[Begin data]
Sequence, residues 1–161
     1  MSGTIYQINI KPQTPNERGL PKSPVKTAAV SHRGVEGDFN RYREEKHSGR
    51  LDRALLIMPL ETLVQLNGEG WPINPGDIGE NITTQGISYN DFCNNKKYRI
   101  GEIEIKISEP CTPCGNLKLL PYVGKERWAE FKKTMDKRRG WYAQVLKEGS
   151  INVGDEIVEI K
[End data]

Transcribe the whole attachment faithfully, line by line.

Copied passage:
Sequence, residues 1–161
     1  MSGTIYQINI KPQTPNERGL PKSPVKTAAV SHRGVEGDFN RYREEKHSGR
    51  LDRALLIMPL ETLVQLNGEG WPINPGDIGE NITTQGISYN DFCNNKKYRI
   101  GEIEIKISEP CTPCGNLKLL PYVGKERWAE FKKTMDKRRG WYAQVLKEGS
   151  INVGDEIVEI K